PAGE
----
This directory only exists on x64 systems, and it doesn't contain any tools executables.
Ignore it.

 

 

Registry and folder locations

When you launch the "Visual Studio Command Line Tools" shortcut from the start menu, it sets the PATH environment variable to point to appropriate versions of the tools.

But if you have your own tooling and want to point it to the correct locations, you should use the registry. For release 7.0A of the tools we expect to use these registry keys. Once again, these are not final and might change when we ship Visual Studio 2010.

 [HKEY_LOCAL_MACHINE\SOFTWARE\Microsoft\Microsoft SDKs\Windows\v7.0A\WinSDK-NetFx35Tools-x64]
"InstallationFolder"="C:\Program Files\Microsoft SDKs\Windows\v7.0A\bin\x64\"

 [HKEY_LOCAL_MACHINE\SOFTWARE\Microsoft\Microsoft SDKs\Windows\v7.0A\WinSDK-NetFx35Tools-x86]
"InstallationFolder"="C:\Program Files\Microsoft SDKs\Windows\v7.0A\bin\"

[HKEY_LOCAL_MACHINE\SOFTWARE\Microsoft\Microsoft SDKs\Windows\v7.0A\WinSDK-NetFx40Tools-x64]
"InstallationFolder"="C:\Program Files\Microsoft SDKs\Windows\v7.0A\bin\NETFX 4.0 Tools\x64\"

[HKEY_LOCAL_MACHINE\SOFTWARE\Microsoft\Microsoft SDKs\Windows\v7.0A\WinSDK-NetFx40Tools-x86]
"InstallationFolder"="C:\Program Files\Microsoft SDKs\Windows\v7.0A\bin\NETFX 4.0 Tools\"

[HKEY_LOCAL_MACHINE\SOFTWARE\Microsoft\Microsoft SDKs\Windows\v7.0A\WinSDK-VSHeadersLibs]
"InstallationFolder"="C:\Program Files\Microsoft SDKs\Windows\v7.0A\"

 [HKEY_LOCAL_MACHINE\SOFTWARE\Microsoft\Microsoft SDKs\Windows\v7.0A\WinSDK-VSTools]
"InstallationFolder"="C:\Program Files\Microsoft SDKs\Windows\v7.0A\"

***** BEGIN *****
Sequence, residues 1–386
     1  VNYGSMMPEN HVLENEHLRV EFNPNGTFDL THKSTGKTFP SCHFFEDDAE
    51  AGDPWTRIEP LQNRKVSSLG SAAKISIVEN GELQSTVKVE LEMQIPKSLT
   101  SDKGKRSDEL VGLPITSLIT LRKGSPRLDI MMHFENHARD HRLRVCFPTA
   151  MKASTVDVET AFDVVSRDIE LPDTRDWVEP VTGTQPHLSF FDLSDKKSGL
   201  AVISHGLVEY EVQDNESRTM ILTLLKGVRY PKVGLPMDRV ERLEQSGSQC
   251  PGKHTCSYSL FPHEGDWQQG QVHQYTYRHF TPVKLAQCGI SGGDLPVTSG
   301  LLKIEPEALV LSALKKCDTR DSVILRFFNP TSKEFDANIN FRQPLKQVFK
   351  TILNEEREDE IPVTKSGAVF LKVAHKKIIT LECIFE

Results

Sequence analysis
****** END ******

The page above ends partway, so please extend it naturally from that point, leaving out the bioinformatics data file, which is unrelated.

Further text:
[HKEY_LOCAL_MACHINE\SOFTWARE\Microsoft\Microsoft SDKs\Windows\v7.0A\WinSDK-VSWin32Tools]
"InstallationFolder"="C:\Program Files\Microsoft SDKs\Windows\v7.0A\"

 [HKEY_LOCAL_MACHINE\SOFTWARE\Microsoft\Microsoft SDKs\Windows\v7.0A\WinSDKIntellisenseRefAssys]
"InstallationFolder"="C:\Program Files\Microsoft SDKs\Windows\v7.0A\"

 

The set of registry keys isn't complete for all past versions of the tools. To compute the path to earlier versions of the tools is awkward. That's because different languages use different paths (e.g. Italian versions of Windows use C:\Programmi) and because users can themselves choose different paths (e.g. E:\Apps).

Notionally in VB you should use My.Computer.FileSystem.SpecialDirectories.ProgramFiles. This returns "C:\Program Files" or its equivalent, and works great most of the time. The only exception is if you're running on a 64bit operating system and your assembly is set to target "CPU:x86" rather than AnyCPU or x64. In this case it returns "C:\Program Files (x86)" or its equivalent, which isn't any use.

Anyway, the Windows SDK tools use non-localized directory and filenames. So once you get to the path to the program files directory, you can append "\Microsoft SDKs\Windows\v6.0\bin\ildasm.exe" or similar to point to a particular tool.